- According to researcher and therapist Beverly J. Anderson: “More than any other occupation, law enforcement is an emotionally and physically dangerous job. Police officers continuously face the effects of murder, violence, rape, child abuse, accidents and disasters. Long hours, rotating shifts and constant exposure to tragedy exacts a heavy toll on police officers and their families.”
Ellis says he understands there exists a conflict for police officers, who may fear appearing weak and unsuitable for a job if they ask for help in dealing with emotionally wounding experiences. But this calls for a cultural shift.
Of the proposed film, Blumenthal said: “Having been in law enforcement for over 22 years, I personally know how consistent exposure to traumatic events can impact the professional and personal lives of law enforcement officers. The law enforcement officer needs to understand what this continued exposure can do to them and how to combat the effects of a life in law enforcement.”
A steady supporter of the film, Sergeant Katherine Lynch of the La Mesa Police Department Training Unit, said, “For too long, officers have suffered in silence. We can no longer afford to ignore the effects of critical incidents on the men and women who wear the badge. Until the day comes when we no longer lose a single officer to suicide, we have a tremendous amount of work to do and any tool in our toolbox can help us save a life.”
If Ellis has his way, the officers will know the responses to trauma are normal, and realize reaching out for support is completely understandable. His list of purposes for the film include:
- For officers to receive the clear message that they do have options in dealing with the stresses, and they can retain wellness in all areas of their lives.
- To ensure retiring officers are given back to their families as healthy citizens: emotionally, mentally, spiritually.
- To see a cultural shift, as officers are seen as humans needing the same sort of support we all need.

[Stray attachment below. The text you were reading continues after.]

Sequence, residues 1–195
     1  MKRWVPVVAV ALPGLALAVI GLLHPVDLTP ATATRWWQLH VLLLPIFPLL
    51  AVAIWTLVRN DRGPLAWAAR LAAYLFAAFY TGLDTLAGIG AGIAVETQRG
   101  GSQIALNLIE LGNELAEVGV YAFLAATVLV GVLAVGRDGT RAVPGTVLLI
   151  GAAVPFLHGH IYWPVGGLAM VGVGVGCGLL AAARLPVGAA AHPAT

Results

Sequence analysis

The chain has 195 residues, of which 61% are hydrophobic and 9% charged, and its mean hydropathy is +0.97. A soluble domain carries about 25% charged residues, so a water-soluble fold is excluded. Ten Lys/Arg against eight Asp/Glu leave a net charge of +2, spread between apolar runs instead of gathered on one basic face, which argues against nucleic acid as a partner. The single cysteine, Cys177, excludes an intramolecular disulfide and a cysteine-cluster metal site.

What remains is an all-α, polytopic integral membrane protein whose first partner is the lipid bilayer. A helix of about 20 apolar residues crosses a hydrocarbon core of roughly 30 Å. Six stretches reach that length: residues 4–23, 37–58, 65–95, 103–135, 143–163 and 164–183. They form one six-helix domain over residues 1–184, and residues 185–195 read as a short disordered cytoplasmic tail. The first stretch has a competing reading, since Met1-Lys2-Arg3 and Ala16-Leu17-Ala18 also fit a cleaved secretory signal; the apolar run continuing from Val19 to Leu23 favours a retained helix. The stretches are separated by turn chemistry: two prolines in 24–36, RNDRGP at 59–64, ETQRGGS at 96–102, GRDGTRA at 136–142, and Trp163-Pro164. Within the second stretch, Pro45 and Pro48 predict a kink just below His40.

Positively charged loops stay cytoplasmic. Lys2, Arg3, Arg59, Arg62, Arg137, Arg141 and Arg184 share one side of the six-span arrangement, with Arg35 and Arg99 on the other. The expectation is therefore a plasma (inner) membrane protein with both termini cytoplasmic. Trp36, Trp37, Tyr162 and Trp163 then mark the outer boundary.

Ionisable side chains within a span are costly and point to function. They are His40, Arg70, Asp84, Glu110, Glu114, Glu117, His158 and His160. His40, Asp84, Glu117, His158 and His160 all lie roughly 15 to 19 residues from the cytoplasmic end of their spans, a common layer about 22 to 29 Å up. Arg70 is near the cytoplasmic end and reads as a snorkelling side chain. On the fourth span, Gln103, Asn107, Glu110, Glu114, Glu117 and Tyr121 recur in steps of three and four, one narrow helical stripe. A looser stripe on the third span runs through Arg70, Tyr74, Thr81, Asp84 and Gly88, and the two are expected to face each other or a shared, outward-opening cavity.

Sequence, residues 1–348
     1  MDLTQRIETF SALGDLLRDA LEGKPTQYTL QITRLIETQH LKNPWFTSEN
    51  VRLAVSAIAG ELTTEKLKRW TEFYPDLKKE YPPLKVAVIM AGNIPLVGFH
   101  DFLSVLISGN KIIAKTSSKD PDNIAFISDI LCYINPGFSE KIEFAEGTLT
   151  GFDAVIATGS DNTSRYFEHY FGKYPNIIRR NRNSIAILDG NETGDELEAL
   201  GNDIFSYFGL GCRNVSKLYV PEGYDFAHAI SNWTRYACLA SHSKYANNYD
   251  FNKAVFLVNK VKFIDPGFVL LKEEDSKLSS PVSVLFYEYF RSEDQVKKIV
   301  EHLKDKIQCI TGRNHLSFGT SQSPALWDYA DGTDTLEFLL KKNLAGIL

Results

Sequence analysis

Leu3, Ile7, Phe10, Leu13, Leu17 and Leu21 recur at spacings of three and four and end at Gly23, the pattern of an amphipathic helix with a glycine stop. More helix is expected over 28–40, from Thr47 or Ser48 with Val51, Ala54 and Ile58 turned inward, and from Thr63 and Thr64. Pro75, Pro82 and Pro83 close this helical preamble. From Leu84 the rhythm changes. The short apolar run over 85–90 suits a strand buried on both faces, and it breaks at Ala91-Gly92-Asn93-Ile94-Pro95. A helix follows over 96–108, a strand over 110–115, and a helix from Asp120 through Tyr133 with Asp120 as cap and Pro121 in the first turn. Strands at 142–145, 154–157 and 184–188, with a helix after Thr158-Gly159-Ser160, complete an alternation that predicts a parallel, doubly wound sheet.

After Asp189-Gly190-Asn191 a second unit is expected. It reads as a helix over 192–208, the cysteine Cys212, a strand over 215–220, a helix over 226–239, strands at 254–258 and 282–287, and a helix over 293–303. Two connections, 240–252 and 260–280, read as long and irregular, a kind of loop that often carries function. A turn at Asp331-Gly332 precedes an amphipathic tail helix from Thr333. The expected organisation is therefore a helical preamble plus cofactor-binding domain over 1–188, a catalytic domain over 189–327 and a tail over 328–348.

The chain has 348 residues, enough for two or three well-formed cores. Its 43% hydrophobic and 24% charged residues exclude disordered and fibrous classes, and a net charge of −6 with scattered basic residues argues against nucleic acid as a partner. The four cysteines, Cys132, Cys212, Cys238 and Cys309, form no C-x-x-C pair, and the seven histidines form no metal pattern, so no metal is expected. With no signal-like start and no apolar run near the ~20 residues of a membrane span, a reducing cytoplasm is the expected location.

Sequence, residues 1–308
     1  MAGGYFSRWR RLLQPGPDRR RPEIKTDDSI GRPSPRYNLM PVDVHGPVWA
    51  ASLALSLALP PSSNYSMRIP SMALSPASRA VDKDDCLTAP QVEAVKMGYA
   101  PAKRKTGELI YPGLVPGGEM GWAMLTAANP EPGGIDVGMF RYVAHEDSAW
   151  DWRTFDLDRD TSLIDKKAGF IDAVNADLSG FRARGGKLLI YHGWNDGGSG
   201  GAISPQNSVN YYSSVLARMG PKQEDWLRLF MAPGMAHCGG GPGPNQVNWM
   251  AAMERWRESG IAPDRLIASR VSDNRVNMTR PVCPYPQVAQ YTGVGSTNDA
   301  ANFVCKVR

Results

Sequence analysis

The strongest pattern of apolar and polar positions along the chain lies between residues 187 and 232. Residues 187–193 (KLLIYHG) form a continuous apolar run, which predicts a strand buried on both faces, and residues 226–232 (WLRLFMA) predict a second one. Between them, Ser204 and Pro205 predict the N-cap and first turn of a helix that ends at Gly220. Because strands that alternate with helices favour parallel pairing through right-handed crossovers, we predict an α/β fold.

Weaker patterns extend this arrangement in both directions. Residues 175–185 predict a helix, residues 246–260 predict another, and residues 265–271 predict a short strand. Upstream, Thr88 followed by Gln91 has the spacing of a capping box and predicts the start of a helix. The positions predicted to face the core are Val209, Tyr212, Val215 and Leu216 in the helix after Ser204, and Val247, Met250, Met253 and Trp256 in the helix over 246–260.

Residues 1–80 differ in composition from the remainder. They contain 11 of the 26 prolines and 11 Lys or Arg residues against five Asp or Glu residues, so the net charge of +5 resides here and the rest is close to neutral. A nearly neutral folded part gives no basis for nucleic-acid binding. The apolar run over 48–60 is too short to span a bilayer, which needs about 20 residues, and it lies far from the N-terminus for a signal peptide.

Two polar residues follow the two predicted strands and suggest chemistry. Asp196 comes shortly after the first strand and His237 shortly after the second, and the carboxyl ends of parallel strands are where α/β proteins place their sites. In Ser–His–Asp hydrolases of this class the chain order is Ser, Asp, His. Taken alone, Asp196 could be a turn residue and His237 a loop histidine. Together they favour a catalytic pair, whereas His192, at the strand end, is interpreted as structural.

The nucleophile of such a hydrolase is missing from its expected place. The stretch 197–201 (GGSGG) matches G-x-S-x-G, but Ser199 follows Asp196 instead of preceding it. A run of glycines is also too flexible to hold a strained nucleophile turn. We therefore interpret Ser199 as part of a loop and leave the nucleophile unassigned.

- To see an industry shift, where officers know it’s safe to receive the support they desperately need but may not feel free to ask for.
- To support a vision of peace officers who truly keep the peace, for themselves, our neighborhoods, and our society.
Ellis has already gathered a list of 40 potential interviews, along with the verbal support of the San Diego District Attorney Summer Stephan.
Funds that are raised will go towards three months production costs, to include: equipment, pre-production research, the production of outlining the film and filming the footage, and the post-production of editing, adding music, titles, and disseminating the film where it can be of best use.
Said Maxine Lynch, Past President, California Peer Support Association, “Observing a lack of critical incident stress management and peer support systems, I have personally witnessed first responders suffer through torturous memories that cause them to leave their careers early, endure physical afflictions, and even commit suicide to find relief. With peer support, they remain healthy productive members of their agency and enjoy a long and fulfilling career. Having a training film such as “Keeping the Peace” available will absolutely help us educate the people in the departments who will need to know about and need to utilize such a program.”
Support this campaign HERE.